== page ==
Thursday, July 7, 2016
"In about three seconds, I'm gonna come crashing through a window."
For all the glory that comes with snagging a high-value intergalactic bounty, there's the in-between. Struggling to find work, scraping by to live and fending off rival hunters. As long as you've got someone you can trust though things are a little more bearable. Kim and Kim #1 from Black Mask Studio gives readers two characters who trust one another and rely on that trust to survive. The issue is written by Mags Visaggio, illustrated by Eva Cabrera, colored by Claudia Aguirre and lettered by Zakk Saam.
Kim & Kim are twentysomething besties out to make a name for themselves in the wild world of interdimensional cowboy law enforcement. In a massive "screw you" to their parents and the authorities, they decide to hijack some high stakes bounty - and end up in way over their heads. Kim & Kim is a day-glo action adventure that's bursting with energy and enthusiasm. It puts queer women and trans women front and center, with a story that embraces the absurd alongside realistic pathos. It's a mature book that focuses on the power and meaning of female friendships as engines of validation.
What really jumps out upon reading Kim and Kim #1 is Visaggio's completely carefree dialogue that reflects characters of a similar carefree nature. Visaggio ensures that both Kims have exchanges that allow one to more responsible and one to be more brash and Visaggio does a fantastic job of balancing both personalities against one another. Their exchanges really help the issue move very quickly and adds a sense of frenetic energy to their exploits. Visaggio infuses both characters with very frank conversation that really invites the reader into their world. And Kim Q was penned as a transgender character reflective of Visaggio as she underwent her own transition process, with her spontaneous approach demonstrating that she might not have all the answers yet she's still willing to figure it out on the fly.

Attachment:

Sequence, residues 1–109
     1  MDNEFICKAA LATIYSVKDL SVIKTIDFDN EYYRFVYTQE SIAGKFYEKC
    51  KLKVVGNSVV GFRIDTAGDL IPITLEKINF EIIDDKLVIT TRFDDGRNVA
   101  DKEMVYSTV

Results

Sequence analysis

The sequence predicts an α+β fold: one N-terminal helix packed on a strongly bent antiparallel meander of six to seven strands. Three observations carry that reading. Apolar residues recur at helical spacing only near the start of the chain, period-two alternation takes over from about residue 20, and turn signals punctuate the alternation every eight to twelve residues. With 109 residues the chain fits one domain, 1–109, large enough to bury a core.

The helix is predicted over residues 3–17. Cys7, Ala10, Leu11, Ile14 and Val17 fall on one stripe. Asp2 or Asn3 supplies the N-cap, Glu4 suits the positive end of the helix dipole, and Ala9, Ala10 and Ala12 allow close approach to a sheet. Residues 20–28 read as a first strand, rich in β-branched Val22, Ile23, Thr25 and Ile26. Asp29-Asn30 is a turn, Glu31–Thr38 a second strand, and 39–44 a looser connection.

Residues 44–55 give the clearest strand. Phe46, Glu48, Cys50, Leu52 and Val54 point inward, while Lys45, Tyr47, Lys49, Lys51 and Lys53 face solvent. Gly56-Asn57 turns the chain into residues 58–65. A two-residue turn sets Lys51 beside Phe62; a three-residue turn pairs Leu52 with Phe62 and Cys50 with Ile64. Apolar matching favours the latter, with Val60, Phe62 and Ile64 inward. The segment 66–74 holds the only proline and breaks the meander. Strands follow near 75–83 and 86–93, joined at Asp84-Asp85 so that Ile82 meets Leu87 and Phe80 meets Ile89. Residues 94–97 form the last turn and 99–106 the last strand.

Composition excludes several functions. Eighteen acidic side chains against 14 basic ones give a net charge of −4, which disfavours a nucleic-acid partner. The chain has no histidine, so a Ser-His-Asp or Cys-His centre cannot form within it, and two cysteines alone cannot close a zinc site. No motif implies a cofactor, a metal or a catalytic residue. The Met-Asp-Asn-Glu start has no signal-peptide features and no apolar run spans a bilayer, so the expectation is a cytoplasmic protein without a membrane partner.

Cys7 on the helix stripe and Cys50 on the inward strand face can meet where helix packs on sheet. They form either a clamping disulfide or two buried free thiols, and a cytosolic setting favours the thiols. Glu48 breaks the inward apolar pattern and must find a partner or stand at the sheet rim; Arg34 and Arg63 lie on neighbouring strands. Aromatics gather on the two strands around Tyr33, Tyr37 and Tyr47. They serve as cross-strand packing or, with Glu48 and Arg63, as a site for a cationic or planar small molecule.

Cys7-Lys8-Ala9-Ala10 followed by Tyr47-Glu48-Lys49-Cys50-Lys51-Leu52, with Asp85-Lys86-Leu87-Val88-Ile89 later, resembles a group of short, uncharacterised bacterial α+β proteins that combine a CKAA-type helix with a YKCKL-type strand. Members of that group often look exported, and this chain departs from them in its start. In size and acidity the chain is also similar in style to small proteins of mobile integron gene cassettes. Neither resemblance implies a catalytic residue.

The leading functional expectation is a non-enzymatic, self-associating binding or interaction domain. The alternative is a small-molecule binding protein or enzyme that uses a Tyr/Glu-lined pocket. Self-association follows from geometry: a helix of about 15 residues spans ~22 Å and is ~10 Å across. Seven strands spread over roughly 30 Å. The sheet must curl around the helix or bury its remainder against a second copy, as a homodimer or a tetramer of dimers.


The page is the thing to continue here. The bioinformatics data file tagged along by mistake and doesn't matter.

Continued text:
You can't have punk rock without the appropriate artwork and Cabrera's work pops. Kim and Kim may share a name, but Cabrera ensures that each has their own distinct appearance that complements one another well. All the characters in the book seem to scream out to the reader when they're on the page--a testament to Cabrera's ability to make things feel adventurous. The action sequences are handled very well by Cabrera as blows are exchanged between characters. The bright, bold colors by Aguirre maintain a loud presence in the book with plenty of neons and bright primary colors filling the panels.
At first glance Kim and Kim #1 is an intergalactic bounty hunter book, but there's a lot more subtext buried deeper. Despite scraping by as bounty hunters, Kim and Kim have each other and are perfectly content with that and themselves. Viasggio's script is very fast-moving and doesn't really give the reader much chance to catch their breath. Cabrera's illustrations are cheerful and vibrant even if the main characters can barely afford to live. Kim and Kim #1 is an intergalactic bounty hunter tale that mixes together the camaraderie Thelma and Louise with the space humor of Spaceballs.
Kim and Kim #1 is in stores now.